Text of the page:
Miracle on the Mountain
Published: December 11, 2005 | 2974th good news item since 2003
He worried nearly 60 years about woman he pulled from the snow
Two hours into the flight, around 2:25 in the morning, a loud bang woke Irving Schwartz, and the airplane jerked wildly.
Down, down, it plunged, clipping off the tops of trees, then slicing through the middles, an angry, frantic descent. It gouged a 450-foot swath along the mountain, then split apart.
Irving, who was 25, found himself on the ground, his spine injured, his left shoulder smashed. He was a second lieutenant in the Marines, shipping out to war, when American Airlines Flight 9 crashed that night more than 60 years ago, Feb. 23, 1945.
From a few feet away, he said, a man called and Irving crawled to him. The man had a fractured hip and couldn’t walk. The temperature was below freezing and, like Irving, the man was dressed in shirtsleeves. Irving pulled coats from the remnants of the plane’s closet and ripped a piece of carpet off the floor, then he lay beside the man, and covered them both.
It was pitch-dark on the steep side of Glade Mountain in southwest Virginia. Irving said they heard voices, crying and groaning, but they could not see who called or from where. Agua, a man said in Spanish, begging for water.
Nineteen passengers had been on the DC-3 airplane, two pilots, one flight attendant. As the night wore on, snow and sleet covered the survivors in a deathly blanket.
One after another after another, the voices fell silent.
Except from somewhere up the mountain, a woman moaned.
After daylight, Irving remembers crawling up to find her.
Sally Padgett was bleeding and shoeless, dressed in her flight attendant’s uniform and stockings. Irving recalls dragging her to shelter beneath the wreckage. A newspaper account says she walked. No one knows for sure.
He covered her with a coat, and he and the other man lay beside her to warm her up.
They waited for help. And waited. For five hours, they waited.
Around midday, an engine roared overhead. A rescue plane spotted the wreckage, but no survivors. “22 Feared Killed in Virginia Airliner Crash,” a newspaper announced. The call went out to Irving’s parents and Sally’s preacher that they were dead.
Four more hours, they waited.
When rescuers arrived late that afternoon, some 14 hours after the crash, they discovered two men and a woman beneath the wreckage, alive. A fourth survivor lay not far away. A farmer happened upon a fifth survivor who was wandering down the mountain. Seventeen people, including both pilots, were dead.
Irving spent 4 1/2 months in the hospital, and he wondered about the others and whether they lived. He later tracked down three survivors, but never Sally.
Irving feared the worst.
Sally, who was 23, suffered a fractured skull, a concussion, a broken collarbone and gangrene in her left ankle. She spent 3 1/2 months recuperating. She remembered nothing of the crash. All she knew was what she read in newspapers. She got on with her life, no nightmares to haunt her.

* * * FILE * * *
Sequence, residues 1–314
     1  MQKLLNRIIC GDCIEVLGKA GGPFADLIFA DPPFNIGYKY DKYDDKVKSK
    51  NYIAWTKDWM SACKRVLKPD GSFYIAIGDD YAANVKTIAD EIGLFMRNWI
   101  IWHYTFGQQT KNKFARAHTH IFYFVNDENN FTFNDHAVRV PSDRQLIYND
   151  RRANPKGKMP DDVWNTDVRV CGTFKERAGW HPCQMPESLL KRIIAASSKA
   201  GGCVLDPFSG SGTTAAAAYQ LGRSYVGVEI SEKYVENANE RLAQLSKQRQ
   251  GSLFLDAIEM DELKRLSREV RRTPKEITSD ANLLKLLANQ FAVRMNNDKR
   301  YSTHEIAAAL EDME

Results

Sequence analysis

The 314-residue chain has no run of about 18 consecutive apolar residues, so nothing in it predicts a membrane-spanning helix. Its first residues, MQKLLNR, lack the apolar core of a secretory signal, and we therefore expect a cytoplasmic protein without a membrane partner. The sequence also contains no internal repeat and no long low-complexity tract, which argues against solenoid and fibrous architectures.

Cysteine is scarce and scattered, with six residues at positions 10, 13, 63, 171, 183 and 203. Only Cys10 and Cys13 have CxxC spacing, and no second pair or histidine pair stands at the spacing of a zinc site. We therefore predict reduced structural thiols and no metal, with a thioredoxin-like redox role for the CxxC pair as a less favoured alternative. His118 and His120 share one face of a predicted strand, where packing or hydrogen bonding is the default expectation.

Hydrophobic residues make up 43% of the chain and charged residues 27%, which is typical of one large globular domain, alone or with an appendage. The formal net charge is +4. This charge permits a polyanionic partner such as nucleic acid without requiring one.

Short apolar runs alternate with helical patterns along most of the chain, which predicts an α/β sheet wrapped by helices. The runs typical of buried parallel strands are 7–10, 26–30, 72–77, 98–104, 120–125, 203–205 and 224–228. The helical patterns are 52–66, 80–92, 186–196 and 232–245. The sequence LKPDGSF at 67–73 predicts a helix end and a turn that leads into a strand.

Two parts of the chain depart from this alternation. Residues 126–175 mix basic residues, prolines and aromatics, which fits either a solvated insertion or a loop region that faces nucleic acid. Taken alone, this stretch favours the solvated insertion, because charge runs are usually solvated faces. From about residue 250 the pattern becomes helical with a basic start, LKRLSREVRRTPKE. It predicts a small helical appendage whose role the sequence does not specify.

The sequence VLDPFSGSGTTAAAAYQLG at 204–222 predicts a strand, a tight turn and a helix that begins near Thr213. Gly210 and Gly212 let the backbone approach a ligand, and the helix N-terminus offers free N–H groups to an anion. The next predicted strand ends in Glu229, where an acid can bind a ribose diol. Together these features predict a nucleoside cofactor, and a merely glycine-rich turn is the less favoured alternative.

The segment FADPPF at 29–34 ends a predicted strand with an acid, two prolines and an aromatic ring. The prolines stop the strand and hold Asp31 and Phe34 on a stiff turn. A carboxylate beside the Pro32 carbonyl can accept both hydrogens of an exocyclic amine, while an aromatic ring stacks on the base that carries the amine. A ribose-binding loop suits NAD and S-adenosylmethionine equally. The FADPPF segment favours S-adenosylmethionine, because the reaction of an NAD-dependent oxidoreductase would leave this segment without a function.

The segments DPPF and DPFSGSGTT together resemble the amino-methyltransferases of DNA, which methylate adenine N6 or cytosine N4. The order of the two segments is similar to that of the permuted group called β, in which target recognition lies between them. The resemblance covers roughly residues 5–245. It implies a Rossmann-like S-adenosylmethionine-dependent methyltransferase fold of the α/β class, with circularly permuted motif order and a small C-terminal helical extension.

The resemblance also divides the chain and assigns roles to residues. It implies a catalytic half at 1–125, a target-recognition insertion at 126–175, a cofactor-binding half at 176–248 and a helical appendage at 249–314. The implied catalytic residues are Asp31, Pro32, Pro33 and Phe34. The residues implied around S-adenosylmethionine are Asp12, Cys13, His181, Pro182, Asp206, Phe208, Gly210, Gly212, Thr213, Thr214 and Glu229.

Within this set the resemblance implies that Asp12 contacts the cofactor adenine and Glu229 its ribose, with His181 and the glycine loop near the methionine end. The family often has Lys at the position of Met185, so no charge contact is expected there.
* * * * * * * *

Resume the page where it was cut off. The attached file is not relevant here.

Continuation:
She moved around the country with her husband, a career Navy officer, and they had two children. In 1999, fifteen years after her husband died, she moved to The Cypress of Charlotte retirement community to be near their daughter, Kitty Bauknight.
A story about Sally and the plane crash appeared in The Cypress’ newsletter in November 2003. Irving’s brother lives at The Cypress, and his daughter read the story on a visit there.
Wasn’t this the same crash, she asked, that Uncle Irv was in?
A second miracle
Sally opened the door to her condominium a few months later and a tall, handsome stranger wrapped his arms around her.
I have wondered about you, Irving said, for nearly 60 years.
For all those years, Irving thought Sally had never recovered. To discover she was living at The Cypress, where his brother and sister both live, seemed unbelievable.
Sally thinks it’s a miracle of God that they survived, and she thanks God at the start of every day. To meet the man who helped save her life, she says, is another miracle.
I can’t believe this! she cried.
Irving told Sally details of the crash she never knew. He told her about the other survivors, now dead. Talking with Irving, Sally thought, might trigger memories of what happened. But she still recalls nothing.
It was February 2004 when they met, and Irving liked The Cypress so much, he decided to move there. He and his wife relocated this past June from upstate New York. Sheila Schwartz, who had been ill for 15 years, died a week later.
This time it was Sally’s turn to help. She reached out to Irving in his grief.
Irving, who turns 86 on Wednesday, doesn’t take credit for saving Sally’s life, but Sally, who is 84, insists he did.
“I have tremendous guilt,” Irving said, “because I didn’t cover her feet and she nearly lost her feet.”
“Oh, Irving,” Sally said. “I would have died of hypothermia if you hadn’t helped me.”
Irving has been in Charlotte only six months but the bond they share is so great, Sally said, it’s as if they’ve known each other all their lives.